A trigger is defined as any element—be it a person, place or activity—that heightens the risk of a relapse by provoking strong desires or impulses to indulge in drug use or addictive behavior. These triggers are deeply personal and can vary significantly among individuals, encompassing a range of factors from emotional states and social interactions to specific locations or memories associated with past substance use. The identification of these triggers is a central component of the recovery process, as it allows for the creation of effective strategies to manage and mitigate them.

This notion of triggers was initially introduced in the 1970s by researchers focusing on the patterns of relapse in substance use disorders. It has since become a focal point in the field of addiction treatment. Rehabilitation professionals play a vital role in helping individuals recognise their unique triggers and develop healthier methods to respond to them, thereby crafting strategies to either circumvent or positively handle potential relapse scenarios.

Recovery is a lifelong process and the possibility of encountering triggers can persist even after years of sobriety. The ongoing mastery of dealing with these triggers is fundamental for sustained sobriety offering not only a challenge but also an opportunity for personal development, enhanced resilience and a strengthened commitment to sober living.

Different Types of Triggers

Triggers in addiction recovery are broadly classified into four categories: environmental, emotional, behavioural and psychological, each contributing significantly to the risk of relapse.

  1. Environmental Triggers
    These are external factors such as specific places, individuals who use substances, financial pressures, conflicts in relationships and media related to substance use. Mitigating these involves being conscious of one’s surroundings, minimising contact with certain individuals or places and engaging in activities that reduce stress like exercise or meditation.
  2. Emotional Triggers
    These encompass feelings like loneliness, stress, rejection or intense emotions that might inadvertently lead to substance use. Managing emotional triggers is possible through self-care practices, nurturing a supportive social circle and regular therapeutic sessions to acquire coping mechanisms.
  3. Behavioural Triggers
    These relate to habits or routines linked to addiction or excessive idle time. Counteracting behavioural triggers involves establishing new, healthy routines and setting firm boundaries with others involved in substance use.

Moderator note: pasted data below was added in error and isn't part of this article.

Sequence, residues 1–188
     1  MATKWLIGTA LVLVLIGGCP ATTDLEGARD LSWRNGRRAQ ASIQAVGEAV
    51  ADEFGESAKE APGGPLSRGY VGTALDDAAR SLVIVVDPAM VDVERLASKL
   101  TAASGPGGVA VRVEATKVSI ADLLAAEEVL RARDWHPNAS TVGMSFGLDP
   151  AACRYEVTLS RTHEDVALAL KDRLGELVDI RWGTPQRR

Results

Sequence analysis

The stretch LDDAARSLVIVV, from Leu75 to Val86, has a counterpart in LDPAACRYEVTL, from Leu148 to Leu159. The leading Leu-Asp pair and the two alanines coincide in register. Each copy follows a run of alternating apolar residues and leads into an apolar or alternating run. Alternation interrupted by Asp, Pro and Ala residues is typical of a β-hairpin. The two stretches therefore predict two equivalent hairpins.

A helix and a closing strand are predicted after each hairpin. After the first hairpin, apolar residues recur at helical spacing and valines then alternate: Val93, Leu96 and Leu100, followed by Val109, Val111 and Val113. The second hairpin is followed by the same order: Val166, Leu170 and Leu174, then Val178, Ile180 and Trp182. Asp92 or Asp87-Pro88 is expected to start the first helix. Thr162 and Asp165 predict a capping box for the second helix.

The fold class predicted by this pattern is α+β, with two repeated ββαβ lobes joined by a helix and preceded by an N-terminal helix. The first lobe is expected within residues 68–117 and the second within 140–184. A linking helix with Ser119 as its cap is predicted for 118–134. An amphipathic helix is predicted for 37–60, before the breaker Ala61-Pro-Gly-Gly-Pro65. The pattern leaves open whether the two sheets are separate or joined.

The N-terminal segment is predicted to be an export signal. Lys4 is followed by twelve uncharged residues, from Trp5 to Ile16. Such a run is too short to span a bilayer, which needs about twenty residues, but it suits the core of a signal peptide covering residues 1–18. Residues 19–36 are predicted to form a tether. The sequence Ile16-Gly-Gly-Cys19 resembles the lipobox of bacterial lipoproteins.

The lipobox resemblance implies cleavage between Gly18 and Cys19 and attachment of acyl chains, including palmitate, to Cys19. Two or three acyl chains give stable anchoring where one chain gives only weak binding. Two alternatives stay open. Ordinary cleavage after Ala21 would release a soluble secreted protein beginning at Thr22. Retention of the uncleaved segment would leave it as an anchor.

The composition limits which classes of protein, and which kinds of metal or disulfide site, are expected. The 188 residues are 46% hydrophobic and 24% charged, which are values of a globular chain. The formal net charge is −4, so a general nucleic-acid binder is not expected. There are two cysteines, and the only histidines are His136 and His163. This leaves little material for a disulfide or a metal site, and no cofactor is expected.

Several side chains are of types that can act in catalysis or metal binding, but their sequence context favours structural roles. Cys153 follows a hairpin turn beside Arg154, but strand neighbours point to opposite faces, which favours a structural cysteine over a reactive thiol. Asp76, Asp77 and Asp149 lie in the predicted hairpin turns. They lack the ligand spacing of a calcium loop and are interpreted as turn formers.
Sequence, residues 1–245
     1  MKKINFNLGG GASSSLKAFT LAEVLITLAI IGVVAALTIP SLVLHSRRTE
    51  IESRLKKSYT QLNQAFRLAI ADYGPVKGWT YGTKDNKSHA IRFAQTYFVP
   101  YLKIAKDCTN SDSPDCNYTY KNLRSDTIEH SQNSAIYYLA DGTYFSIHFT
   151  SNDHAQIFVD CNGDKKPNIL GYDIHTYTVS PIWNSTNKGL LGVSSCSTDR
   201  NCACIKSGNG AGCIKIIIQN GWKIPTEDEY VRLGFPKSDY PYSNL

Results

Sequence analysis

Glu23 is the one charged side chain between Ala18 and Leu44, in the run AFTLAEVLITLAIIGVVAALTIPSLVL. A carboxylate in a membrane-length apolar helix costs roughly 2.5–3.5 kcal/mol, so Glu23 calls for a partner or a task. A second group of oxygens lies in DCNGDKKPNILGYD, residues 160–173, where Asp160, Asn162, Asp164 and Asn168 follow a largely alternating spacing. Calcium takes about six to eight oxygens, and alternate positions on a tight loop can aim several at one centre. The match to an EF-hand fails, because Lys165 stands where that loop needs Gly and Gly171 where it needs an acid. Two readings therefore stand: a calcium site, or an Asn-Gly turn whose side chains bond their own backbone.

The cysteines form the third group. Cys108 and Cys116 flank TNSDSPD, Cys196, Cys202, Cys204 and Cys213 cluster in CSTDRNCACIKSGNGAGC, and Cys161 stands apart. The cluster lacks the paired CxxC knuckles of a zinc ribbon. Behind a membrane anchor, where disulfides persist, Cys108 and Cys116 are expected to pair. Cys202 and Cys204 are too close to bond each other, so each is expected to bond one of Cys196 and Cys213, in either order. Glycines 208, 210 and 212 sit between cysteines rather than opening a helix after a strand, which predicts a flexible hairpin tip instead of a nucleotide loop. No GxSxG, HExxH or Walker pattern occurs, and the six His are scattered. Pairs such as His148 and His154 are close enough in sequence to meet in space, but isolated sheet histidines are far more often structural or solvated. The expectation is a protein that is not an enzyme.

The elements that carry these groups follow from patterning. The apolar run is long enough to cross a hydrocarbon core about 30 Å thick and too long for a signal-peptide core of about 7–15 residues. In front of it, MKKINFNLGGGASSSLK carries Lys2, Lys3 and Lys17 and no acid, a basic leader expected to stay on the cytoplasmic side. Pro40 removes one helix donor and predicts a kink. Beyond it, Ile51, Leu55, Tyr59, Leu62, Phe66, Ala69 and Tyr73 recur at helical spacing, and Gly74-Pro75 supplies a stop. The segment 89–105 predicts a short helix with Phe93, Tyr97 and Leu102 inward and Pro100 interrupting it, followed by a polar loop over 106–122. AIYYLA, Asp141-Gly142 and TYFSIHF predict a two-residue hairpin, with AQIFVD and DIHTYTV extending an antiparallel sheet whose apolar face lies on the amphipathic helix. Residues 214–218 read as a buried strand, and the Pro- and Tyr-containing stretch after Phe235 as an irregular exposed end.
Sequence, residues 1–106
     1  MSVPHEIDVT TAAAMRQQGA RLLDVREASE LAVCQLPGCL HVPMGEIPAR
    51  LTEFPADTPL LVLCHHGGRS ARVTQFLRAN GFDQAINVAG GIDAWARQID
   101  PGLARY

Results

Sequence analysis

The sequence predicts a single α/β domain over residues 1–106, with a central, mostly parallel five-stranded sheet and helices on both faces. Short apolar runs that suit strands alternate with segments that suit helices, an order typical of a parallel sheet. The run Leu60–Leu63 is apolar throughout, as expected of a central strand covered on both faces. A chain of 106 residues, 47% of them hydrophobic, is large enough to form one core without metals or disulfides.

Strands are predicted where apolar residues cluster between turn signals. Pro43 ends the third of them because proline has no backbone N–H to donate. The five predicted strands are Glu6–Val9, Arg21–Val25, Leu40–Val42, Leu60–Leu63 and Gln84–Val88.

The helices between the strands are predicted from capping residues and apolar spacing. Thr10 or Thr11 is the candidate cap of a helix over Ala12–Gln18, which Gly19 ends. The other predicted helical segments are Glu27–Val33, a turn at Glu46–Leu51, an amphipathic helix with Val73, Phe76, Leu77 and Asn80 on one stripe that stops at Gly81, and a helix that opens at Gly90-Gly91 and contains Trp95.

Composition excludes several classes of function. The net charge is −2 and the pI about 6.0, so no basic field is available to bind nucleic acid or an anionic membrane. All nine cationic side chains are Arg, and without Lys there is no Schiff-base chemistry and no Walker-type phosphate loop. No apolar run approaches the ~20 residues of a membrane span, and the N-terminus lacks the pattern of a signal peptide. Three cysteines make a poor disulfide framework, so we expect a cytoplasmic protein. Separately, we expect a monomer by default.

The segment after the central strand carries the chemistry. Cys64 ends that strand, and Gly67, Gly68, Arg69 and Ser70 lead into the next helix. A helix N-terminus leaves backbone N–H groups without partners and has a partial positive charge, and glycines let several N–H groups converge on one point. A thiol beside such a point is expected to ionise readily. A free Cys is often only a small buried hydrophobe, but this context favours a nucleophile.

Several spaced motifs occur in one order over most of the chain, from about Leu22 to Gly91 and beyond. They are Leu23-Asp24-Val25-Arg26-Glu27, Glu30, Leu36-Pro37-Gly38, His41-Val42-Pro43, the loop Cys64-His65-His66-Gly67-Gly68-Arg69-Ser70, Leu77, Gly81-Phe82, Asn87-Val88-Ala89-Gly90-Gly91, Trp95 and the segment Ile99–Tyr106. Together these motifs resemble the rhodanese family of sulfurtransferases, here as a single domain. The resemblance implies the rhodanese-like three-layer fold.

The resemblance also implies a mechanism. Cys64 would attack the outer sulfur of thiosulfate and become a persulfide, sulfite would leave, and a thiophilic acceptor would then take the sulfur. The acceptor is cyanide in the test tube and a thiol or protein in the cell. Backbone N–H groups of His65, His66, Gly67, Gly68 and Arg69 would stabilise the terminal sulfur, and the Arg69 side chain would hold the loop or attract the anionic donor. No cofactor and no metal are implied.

4. Psychological Triggers
    These include negative thought patterns and beliefs, often rooted in unresolved trauma or stress, which can pave the way for relapse. Confronting psychological triggers means addressing underlying issues, altering negative self-perceptions and adopting coping techniques such as relaxation methods and mindfulness practices.

Recognising and managing these diverse triggers is integral to maintaining long-term sobriety.

Common Triggers and Coping Strategies:

  • HALT (Hungry, Angry, Lonely, Tired)
    Fundamental needs, if unmet, can amplify triggers. Addressing these needs through meal planning, mindfulness, social support and regular sleep is beneficial.
  • Challenging Emotions
    Coping skills developed in therapy are essential for managing negative emotions like sadness or guilt, which are often precursors to substance abuse.
  • Stress
    Managing stress through preventive self-care and coping mechanisms is vital, as both chronic and acute stress can lead to relapse.
  • Over-Confidence in Recovery
    Maintaining humility and refraining from substance use are key to avoiding overconfidence that could lead to risky behavior.
  • Physical or Mental Illness
    Awareness of one’s mental and physical health is critical with a focus on non-addictive treatments and informed healthcare.
  • Social Isolation
    Building a network of support is key to counteract the loneliness and rationalisations for substance use that can arise from social isolation.